George Shearing: Both Good and Popular


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George Shearing, who died on Monday, was a great jazz pianist. For much of his long lifetime, he was also one of the 20th century's most successful entertainers, a purveyor of supersmooth easy-listening music that was distinguishable from Muzak only because he played it with perfect taste. That was part of what made him so admirable an artist: Even when he was making music for the masses, he did it without a hint of condescension.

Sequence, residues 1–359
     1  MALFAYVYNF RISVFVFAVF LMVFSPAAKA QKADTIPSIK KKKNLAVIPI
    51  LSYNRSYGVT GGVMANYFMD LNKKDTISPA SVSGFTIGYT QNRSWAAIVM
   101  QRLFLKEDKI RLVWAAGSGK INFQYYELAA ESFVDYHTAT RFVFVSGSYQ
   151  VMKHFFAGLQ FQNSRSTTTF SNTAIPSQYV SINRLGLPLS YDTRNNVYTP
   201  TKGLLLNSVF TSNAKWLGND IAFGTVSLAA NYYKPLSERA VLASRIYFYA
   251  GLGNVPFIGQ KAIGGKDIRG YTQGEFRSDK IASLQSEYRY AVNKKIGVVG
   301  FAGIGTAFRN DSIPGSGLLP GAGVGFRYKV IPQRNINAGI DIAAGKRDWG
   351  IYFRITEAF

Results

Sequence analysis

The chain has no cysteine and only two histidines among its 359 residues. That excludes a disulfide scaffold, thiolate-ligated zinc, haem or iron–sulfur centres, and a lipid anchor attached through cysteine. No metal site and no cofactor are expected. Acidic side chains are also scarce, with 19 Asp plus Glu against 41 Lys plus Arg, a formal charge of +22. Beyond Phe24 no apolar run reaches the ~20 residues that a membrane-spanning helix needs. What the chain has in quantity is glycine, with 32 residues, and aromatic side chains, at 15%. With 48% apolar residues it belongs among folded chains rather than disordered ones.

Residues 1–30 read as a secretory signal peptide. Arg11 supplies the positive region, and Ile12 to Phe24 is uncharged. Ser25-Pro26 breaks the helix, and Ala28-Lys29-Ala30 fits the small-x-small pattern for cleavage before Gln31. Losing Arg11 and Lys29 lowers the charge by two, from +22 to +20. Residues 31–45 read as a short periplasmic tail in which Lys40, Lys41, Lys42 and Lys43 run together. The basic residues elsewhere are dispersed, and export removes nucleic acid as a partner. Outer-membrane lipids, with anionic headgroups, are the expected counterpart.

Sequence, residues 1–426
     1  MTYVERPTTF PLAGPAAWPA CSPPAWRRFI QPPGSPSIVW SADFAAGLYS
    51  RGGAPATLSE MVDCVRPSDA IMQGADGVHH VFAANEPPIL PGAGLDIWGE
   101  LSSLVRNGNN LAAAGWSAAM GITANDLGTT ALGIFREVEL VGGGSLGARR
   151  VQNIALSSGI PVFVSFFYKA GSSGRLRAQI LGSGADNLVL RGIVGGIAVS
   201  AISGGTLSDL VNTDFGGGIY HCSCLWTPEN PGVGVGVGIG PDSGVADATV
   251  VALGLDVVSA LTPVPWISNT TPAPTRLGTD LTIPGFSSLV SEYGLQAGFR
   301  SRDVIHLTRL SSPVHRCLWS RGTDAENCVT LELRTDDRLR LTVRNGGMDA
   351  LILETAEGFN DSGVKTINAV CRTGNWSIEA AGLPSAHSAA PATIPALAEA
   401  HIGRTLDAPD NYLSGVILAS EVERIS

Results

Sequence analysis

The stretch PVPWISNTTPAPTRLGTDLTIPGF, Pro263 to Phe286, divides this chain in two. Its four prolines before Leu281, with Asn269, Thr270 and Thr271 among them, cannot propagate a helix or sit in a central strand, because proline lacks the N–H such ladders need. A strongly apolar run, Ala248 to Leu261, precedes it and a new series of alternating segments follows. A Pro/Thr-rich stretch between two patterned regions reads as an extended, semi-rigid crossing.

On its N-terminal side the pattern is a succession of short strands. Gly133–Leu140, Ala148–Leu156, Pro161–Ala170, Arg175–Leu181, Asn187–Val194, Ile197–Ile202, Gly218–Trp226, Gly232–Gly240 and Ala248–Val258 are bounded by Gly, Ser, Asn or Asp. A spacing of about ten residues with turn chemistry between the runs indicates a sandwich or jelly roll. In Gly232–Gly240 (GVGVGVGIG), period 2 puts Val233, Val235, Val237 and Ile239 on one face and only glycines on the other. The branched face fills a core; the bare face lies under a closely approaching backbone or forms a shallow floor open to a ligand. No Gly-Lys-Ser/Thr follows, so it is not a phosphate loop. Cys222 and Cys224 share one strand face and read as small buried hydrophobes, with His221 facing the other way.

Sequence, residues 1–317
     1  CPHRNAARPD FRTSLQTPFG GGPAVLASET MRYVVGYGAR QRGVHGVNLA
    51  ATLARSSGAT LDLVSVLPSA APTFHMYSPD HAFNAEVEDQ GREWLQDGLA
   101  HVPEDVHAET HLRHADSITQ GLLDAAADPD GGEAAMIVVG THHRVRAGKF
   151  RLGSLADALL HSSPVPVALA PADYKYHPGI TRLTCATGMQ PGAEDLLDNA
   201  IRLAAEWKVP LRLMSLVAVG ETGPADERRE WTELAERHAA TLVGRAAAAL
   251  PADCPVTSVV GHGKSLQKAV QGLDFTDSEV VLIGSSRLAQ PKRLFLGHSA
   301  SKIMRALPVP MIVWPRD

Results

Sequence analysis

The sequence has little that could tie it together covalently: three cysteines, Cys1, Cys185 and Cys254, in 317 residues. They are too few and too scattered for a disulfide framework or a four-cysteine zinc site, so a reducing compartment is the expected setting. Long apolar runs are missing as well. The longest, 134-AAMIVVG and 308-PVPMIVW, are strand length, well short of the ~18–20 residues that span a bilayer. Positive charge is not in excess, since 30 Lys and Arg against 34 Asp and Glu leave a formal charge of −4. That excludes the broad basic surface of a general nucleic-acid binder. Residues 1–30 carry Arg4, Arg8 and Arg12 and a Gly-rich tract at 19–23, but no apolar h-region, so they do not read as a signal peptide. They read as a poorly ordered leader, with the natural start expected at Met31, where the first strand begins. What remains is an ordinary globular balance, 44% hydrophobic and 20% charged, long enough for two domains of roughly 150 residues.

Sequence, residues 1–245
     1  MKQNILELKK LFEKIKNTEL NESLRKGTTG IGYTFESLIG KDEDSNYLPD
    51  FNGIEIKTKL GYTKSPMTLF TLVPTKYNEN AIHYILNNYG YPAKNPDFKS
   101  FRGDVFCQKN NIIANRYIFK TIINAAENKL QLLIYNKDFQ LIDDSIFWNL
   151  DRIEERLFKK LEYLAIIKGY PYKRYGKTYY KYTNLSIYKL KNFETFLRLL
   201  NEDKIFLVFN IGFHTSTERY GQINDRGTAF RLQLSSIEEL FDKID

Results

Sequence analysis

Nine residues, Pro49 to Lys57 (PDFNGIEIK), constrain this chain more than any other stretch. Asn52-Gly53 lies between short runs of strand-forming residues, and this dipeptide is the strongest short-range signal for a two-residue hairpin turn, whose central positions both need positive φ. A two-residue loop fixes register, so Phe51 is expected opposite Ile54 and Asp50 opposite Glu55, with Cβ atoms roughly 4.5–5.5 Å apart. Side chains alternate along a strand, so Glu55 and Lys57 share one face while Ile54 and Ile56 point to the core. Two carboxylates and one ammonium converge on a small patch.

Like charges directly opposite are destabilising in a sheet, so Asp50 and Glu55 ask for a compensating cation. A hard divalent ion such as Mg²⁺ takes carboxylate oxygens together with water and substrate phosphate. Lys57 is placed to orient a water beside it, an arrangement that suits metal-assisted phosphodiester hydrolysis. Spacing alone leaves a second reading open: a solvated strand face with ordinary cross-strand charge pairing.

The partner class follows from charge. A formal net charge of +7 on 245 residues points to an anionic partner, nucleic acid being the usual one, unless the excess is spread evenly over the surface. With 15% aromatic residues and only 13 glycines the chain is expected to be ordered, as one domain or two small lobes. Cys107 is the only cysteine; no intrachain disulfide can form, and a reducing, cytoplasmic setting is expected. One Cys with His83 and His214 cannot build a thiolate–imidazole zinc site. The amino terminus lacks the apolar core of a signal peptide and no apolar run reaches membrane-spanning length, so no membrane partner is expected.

Mr. Shearing, who was born in England in 1919, started out as a standard-issue swing-era pianist. Then he moved to the U.S. in 1947, heard what the boppers were doing on 52nd Street, and decided to do likewise. Blessed with an ear sharp enough to hear a gnat shrug, he easily mastered bop's complex vocabulary, but decided that it was too abrasive to give pleasure to ordinary listeners. In 1949 he put together a quintet with an offbeat instrumentation—piano, vibraphone, guitar, bass and drums—that played everything from pretty-pretty ballads to such hell-for-leather bebop anthems as Denzil Best's “Move." He kept the textures light and the solos concise, and the public, not surprisingly, loved what it heard. “September in the Rain," the quintet's first single, sold nearly a million copies.

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